Bishop Sullivan writes about Catechetical Sunday; expresses gratitude to catechists for their ministry

Catechetical Sunday honors the dedicated women and men throughout our diocese who serve as catechists. They are witnesses to and teachers of Catholic faith to children, teenagers and adults. This annual celebration recognizes and thanks them for their ministries and prays for them. Catechists provide a necessary and important work in the church; handing on the contents of Catholic beliefs.

The first teachers of the faith are parents but their teaching role is distinct from that of a catechist. Parents teach by example of lived faith; catechists teach by instruction. Theirs is a pedagogical role. Catechists educate; that is, they lead their students to know the content of what the Church knows and believes about God. Of course, this knowledge is passed on according to the developmental level of their students. For example, what a second grader can know and understand about the Sacrament of the Holy Eucharist is different from what a high school sophomore can know and understand.

This year the theme for Catechetical Sunday, STAY WITH US, is expressed in the accompanying logo which pictures Jesus and two people walking surrounded by a variety of scenes taken out of life: family, business, hospital and other such scenes. One of the goals of Catechetics is to prepare the student for life, its challenges, worries, ups and downs; its daily joys and heartbreaks, its pleasures and pains. The content of Catholic faith not only speaks to each of these situations but also can prepare the student to deal with them. In each of them Jesus is present.

A catechist teaches what the church teaches. For example, a catechist teaching about prayer would have to instruct her or his students in the immanence of God who is near to each of us; who is Emmanuel, God with us in the person of Jesus and in the power of the Holy Spirit. At the same time God is transcendent, beyond us, unlike us. Praying involves both of these divine realities. A catechist teaching about the Sacrament of the Anointing of the Sick and Dying must pass on the effects of this Sacrament, such as the healing of the soul of the sick person through the forgiveness of sin. Or, in the case of the dying, the catechist teaches about the Eucharist as the food for the final journey.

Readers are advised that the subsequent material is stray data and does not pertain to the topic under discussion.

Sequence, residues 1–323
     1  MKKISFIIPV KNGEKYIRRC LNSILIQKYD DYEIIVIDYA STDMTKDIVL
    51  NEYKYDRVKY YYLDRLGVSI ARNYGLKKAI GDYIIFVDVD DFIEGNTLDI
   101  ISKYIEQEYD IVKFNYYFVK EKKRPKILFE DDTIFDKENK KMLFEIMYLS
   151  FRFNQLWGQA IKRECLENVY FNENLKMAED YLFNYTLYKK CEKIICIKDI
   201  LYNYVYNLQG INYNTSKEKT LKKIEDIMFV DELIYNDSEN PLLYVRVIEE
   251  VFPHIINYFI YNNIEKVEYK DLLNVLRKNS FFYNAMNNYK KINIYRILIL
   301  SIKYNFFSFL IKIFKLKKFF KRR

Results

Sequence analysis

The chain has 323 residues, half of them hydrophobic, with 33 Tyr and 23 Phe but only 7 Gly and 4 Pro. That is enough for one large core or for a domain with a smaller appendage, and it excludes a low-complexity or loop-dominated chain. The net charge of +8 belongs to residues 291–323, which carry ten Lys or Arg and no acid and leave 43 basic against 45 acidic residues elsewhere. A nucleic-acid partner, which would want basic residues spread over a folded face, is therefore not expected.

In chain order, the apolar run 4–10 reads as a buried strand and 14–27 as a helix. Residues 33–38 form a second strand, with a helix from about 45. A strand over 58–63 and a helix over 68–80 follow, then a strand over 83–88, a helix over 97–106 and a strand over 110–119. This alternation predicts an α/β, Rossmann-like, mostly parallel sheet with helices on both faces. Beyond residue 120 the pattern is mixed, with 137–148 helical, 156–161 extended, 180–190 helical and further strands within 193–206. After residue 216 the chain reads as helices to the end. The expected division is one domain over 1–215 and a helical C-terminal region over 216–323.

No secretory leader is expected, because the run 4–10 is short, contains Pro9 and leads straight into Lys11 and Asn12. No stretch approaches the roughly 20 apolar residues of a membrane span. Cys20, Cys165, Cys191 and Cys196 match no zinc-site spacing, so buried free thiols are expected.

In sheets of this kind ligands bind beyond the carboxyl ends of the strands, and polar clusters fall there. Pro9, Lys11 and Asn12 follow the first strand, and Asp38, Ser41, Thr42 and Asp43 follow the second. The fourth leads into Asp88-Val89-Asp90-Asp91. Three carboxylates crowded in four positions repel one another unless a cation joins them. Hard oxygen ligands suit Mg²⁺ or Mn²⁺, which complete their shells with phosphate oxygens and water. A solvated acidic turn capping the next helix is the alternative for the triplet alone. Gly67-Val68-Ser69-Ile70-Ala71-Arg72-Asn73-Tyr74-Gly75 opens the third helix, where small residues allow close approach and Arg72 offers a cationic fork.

Passing on the faith of the Catholic Church to this generation so that it is relevant to them is a challenge. The catechist knows and teaches that the Catholic tradition speaks to the present. The past informs the now. The tradition also exposes the lies that contemporary cultures celebrate and it leads always to the truth. STAY WITH US or accompany us with the truth of faith as we walk through this life here unto life forever with God.

I express to each catechist my sincere gratitude for your ministry. We thank you for your service to the Church. The information and the formation you provide as a catechist influences many lives and through those lives society and culture … STAY WITH US!

Most Reverend Dennis J. Sullivan, D.D.
Bishop of Camden

Read in Catholic Star Herald

El Domingo Catequético en espanol


Translate »